You can visit the Naturalist Center to learn more about the monarch butterfly life cycle, migration patterns and current conservation efforts. Throughout the winter at the Naturalist Center, specimens will be on display and monarch butterfly-themed games and resources will be available. You can also take part in the following activities:
- Make a monarch butterfly using printed origami paper and add it to one of our winter roosting areas!
- Learn about “monarch waystation” gardens and how you can help monarch butterflies thrive throughout the year by ensuring host plants like milkweed species are abundant.
- On Thursdays at 11:30 a.m. join us for Specimen Spotlight to learn more about the butterfly life cycle, behavior and migration patterns. Get a close-up view of butterfly wings!
We also encourage you to visit The Xerces Society and Monarch Watch to learn more about monarch butterfly migration and conservation issues.
Photo: Dr. Lloyd Glenn Ingles © California Academy of Sciences
The California Academy of Sciences is home to the world’s largest collection of skulls, skeletons and other preserved samples of the southern sea otter (Enhydra lutris nereis). Celebrate the 10th annual Sea Otter Awareness Week here at the Academy between September 23–29, 2012. Throughout the week, select research specimens will be on display in the Project Lab and sea otter-themed games and resources will be available in the Naturalist Center and the Early Explorers Cove (an activity area for children under five and their adult friends).
In addition, join us for the following activities:
- Sunday, Sept. 23, 2:30 pm: Science Story Adventures, featuring stories, games and crafts for children ages 4-8 in the Education Classroom.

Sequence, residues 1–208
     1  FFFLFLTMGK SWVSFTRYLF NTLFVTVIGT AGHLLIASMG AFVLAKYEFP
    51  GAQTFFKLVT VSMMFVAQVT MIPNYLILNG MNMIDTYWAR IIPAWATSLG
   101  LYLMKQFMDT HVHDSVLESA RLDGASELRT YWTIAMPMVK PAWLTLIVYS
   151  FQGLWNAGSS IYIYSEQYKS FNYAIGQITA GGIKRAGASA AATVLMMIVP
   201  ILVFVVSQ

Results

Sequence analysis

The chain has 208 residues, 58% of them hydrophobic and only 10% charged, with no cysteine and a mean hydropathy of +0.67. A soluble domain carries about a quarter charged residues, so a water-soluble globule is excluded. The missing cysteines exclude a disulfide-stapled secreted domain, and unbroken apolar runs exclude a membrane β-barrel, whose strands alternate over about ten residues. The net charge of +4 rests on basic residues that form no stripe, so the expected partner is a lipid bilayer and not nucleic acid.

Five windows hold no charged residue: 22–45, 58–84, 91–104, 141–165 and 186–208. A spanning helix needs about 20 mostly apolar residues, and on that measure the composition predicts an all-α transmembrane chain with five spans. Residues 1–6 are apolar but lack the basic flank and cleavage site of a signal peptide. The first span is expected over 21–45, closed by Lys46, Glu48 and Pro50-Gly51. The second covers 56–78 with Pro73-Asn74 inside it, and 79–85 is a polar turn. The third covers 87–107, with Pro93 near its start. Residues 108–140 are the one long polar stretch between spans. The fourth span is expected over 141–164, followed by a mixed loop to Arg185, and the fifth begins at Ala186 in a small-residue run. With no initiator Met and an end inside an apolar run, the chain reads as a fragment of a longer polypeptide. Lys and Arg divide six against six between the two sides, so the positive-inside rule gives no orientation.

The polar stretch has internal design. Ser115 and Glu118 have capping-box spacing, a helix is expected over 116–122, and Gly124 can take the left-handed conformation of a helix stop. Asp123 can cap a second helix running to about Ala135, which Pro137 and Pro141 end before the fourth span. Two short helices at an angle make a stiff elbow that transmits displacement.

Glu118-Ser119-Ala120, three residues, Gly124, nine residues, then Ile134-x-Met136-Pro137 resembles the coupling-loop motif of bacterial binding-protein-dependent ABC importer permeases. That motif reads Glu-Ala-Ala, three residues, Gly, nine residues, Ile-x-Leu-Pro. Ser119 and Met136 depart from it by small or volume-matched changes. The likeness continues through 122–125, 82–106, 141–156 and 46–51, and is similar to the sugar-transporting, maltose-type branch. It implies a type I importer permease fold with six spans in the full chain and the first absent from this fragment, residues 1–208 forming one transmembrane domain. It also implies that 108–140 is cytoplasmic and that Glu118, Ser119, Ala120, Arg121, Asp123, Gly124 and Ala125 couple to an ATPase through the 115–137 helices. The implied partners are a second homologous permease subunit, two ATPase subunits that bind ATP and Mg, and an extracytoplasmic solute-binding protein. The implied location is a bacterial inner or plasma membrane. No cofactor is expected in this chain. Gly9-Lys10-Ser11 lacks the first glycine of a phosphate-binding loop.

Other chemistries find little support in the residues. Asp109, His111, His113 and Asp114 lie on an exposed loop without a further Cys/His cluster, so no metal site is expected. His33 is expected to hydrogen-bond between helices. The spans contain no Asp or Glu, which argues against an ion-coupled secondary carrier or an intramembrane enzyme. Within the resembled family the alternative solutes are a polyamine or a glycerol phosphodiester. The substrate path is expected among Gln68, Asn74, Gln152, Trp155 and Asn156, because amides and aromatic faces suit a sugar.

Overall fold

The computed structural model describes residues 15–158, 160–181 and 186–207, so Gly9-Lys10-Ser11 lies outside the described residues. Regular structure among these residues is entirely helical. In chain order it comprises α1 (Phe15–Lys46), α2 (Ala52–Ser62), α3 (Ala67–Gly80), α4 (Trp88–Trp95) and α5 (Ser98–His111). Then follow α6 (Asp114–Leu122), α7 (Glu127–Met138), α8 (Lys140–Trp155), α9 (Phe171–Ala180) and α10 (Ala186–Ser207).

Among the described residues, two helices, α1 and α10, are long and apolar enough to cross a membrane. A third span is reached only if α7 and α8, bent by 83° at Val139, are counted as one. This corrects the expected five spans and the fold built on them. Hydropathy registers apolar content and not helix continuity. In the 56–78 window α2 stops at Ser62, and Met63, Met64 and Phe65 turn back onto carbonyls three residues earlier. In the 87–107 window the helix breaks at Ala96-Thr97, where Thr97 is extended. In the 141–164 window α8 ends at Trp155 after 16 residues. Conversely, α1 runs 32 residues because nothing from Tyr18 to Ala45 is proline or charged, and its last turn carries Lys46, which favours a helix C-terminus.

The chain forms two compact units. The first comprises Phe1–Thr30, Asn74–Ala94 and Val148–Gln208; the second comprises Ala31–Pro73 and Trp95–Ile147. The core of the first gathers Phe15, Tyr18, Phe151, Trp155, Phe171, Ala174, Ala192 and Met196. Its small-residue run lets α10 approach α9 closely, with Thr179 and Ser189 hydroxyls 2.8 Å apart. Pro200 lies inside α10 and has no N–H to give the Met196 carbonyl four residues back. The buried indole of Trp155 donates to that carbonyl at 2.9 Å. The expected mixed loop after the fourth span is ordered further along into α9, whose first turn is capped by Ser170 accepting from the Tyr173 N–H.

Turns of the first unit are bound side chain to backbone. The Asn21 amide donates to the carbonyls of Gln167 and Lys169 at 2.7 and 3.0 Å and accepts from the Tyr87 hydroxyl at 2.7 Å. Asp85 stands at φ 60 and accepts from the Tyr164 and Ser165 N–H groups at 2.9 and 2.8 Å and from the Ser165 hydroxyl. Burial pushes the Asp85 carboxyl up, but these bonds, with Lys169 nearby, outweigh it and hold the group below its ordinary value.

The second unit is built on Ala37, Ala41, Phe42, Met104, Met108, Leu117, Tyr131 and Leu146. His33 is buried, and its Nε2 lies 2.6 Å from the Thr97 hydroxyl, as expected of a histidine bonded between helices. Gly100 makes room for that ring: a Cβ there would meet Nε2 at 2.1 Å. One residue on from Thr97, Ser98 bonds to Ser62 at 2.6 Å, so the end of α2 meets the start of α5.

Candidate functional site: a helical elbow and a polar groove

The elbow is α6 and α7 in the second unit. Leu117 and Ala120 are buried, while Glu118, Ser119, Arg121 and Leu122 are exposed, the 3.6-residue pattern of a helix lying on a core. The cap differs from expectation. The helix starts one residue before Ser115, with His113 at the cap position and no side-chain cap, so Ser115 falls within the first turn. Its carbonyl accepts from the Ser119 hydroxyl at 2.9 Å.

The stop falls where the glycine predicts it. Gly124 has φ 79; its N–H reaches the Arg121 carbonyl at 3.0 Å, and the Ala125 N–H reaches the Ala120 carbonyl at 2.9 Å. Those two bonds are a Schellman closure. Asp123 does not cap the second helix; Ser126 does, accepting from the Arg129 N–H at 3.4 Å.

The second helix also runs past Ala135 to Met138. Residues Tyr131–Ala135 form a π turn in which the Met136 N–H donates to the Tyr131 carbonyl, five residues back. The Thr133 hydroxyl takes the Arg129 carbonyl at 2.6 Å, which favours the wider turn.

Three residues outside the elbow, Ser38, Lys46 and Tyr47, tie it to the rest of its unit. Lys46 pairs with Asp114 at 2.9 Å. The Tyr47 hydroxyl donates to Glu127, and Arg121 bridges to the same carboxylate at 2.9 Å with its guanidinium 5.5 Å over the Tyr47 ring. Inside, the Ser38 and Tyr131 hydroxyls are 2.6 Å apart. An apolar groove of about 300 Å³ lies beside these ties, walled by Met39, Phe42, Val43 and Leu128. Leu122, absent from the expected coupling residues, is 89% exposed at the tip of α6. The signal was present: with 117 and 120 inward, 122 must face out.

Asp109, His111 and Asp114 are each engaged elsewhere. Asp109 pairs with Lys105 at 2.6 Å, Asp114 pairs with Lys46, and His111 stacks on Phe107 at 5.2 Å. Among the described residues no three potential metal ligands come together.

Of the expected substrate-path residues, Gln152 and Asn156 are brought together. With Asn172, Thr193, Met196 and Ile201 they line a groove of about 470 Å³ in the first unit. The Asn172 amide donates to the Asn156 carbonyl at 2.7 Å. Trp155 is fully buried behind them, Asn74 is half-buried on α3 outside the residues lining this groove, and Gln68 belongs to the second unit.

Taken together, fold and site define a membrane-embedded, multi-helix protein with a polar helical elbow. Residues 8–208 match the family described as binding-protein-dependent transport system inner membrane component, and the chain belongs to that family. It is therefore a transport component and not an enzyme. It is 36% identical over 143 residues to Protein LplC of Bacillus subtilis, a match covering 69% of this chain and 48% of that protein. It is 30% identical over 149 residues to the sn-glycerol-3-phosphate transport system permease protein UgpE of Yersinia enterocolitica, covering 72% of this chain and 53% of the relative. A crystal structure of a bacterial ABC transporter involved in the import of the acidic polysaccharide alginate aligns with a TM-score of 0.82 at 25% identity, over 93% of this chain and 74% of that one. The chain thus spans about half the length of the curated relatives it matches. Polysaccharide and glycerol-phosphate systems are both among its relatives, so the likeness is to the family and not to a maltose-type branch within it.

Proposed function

- Tuesday, Sept. 25, 11:30 am and 2:00 pm, and Thursday, Sept. 27, 11:30 am: Specimen Spotlight, highlighting sea otter research specimens in the Naturalist Center.
- Thursday, Sept. 27, 6:00-10:00 pm: NightLife for ages 21 and up, showcasing sea otter skulls being prepared as specimens and a special table with biologists and specimens outside the Project Lab.
- Friday, Sept. 28, 11:00 am-4:00 pm: Naturalist Center Crafts. Make a sea otter kelp bed!
Our favorite alligator, Claude, turns 17 this Saturday, Sept. 15. Help us celebrate his hatchday!
Photo: Ron DeCloux © California Academy of Sciences
Learn about alligators and how to tell them apart from crocodiles during our “Specimen Spotlight” program tomorrow, Sept. 13, at 11:30 am in the Naturalist Center. Stay afterward to play games and browse books featuring crocodilians, reptiles whose ancient ancestors date back to the time of the dinosaurs.
Stop by the Naturalist Center anytime between 11 am-4 pm on Friday, Sept. 14, to make a very fashionable Claude hat for this week’s “Naturalist Center Craft.” Be sure to wear it proudly around the museum after you’re done!
Photo: N. Sincero © California Academy of Sciences